Resurrection House
James Chambers

Dark Regions Press
Limited edition: $40.00
Review by Sheila Merritt

“Really, it’s about people. That’s all. People calling on powers they can’t control, people doing bad things for terrible reasons. Every monster that ever existed was a man or woman once.” So says a character in one of the stories included in James Chambers’ Resurrection House. This wise observation is a recurring theme in the ten tales which comprise the volume. Delving into human frailties and fears, Chambers acknowledges the internal monsters of the psyche. He also adroitly addresses the external evils; those terrors that are kept at bay for the sense of sanity.

Youth and childhood are excellently explored in several of the stories. Those periods are not glorified, but presented with a clear-eyed look. In the tale “Mooncat Jack,” for example, an older brother feels sibling rivalry and resentment. His description of throwing snowballs reflects malice and morbidity: “A few shook dead branches loose, but the best ones were the ones that smacked loud and square against the trunk. A hit like that left half a snowball clinging to the thick bark, and in the dark they looked like tiny scalps of ghostly babies struggling to be born from the knothole wombs of the trees, white and frozen in time, trapped dead before they even began to live.” During the course of the story, the older brother’s devotion is tested by Mooncat Jack. Jack is a ghoulish creature with a human (that is, a potentially empathetic) side. While challenging the conventions of the familial unit, he assesses its strengths and weaknesses. Though villainous in visage and satanically sinister, Mooncat Jack isn’t thoroughly fiendish. He is a supernatural being who reacts to the dynamics of a household; only taking away those he feels are not a wanted part of the whole.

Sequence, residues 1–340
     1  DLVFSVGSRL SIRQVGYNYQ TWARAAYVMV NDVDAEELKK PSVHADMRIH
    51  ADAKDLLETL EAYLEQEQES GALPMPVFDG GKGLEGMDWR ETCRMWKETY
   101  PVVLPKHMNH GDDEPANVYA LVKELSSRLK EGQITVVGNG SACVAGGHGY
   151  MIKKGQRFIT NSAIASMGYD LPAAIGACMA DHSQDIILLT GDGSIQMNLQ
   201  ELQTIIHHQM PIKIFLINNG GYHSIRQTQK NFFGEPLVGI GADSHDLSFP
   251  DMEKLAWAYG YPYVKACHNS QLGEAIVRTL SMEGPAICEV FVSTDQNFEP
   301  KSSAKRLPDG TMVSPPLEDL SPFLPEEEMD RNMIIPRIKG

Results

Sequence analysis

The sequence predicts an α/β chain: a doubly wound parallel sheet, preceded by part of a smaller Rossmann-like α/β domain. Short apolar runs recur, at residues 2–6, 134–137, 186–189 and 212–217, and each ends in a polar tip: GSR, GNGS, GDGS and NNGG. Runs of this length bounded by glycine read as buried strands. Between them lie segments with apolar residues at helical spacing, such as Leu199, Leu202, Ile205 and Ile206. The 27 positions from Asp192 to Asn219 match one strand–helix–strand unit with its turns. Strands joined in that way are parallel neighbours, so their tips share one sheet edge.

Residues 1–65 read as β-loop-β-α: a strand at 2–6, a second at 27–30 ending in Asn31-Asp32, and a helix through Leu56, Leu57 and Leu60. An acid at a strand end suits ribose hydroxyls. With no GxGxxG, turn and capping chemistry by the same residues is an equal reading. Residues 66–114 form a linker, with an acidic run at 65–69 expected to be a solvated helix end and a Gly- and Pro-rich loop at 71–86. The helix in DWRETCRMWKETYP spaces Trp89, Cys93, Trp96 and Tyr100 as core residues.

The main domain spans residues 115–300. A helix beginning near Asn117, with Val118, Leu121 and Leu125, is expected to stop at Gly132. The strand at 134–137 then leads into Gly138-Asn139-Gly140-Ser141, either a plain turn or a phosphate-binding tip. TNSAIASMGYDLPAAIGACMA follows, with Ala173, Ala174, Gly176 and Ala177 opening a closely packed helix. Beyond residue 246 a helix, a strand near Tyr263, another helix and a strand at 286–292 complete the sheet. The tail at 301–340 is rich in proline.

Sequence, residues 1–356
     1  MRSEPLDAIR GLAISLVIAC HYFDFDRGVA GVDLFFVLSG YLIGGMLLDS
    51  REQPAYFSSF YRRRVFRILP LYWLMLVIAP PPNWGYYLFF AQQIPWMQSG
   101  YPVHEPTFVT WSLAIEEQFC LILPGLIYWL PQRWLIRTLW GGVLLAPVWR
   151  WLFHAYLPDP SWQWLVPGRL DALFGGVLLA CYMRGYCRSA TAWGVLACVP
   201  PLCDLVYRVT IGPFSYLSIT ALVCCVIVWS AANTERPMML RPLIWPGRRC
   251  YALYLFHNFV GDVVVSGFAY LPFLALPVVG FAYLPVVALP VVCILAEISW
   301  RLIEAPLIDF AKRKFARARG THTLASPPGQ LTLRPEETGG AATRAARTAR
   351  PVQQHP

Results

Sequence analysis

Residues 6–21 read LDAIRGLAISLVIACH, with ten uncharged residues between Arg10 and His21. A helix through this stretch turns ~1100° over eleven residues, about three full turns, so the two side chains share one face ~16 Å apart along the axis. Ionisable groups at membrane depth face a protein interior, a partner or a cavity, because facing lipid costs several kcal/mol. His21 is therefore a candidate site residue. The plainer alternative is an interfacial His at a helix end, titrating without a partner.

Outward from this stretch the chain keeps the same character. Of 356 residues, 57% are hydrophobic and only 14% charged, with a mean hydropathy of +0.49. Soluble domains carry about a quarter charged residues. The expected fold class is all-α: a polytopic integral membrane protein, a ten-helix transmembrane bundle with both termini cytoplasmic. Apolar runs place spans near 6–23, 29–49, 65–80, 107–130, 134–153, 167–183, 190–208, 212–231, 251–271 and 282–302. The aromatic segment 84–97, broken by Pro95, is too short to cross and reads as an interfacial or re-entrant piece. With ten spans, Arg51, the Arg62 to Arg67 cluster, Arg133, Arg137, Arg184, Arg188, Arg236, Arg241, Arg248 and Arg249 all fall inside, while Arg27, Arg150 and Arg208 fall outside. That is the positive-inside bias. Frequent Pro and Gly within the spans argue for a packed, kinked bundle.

In other tales in the compilation, rejection and reunion transform into tragedy. The loathsome legacies of the past are also explored; to ignore them is costly. Paying attention to them, however, is not a “get out of jail free card” from fiendish or demonic retribution.

The eight reprinted and two new stories in Resurrection House horrifically reflect reminders of the fragility of being human. James Chambers shows the vulnerable side of his characters; how they are drawn into that dark aspect that beckons, or just quietly rests, waiting to be awakened. Some completely succumb to it; others fight it off. All, however, become aware of the dormant monster that lurks within.

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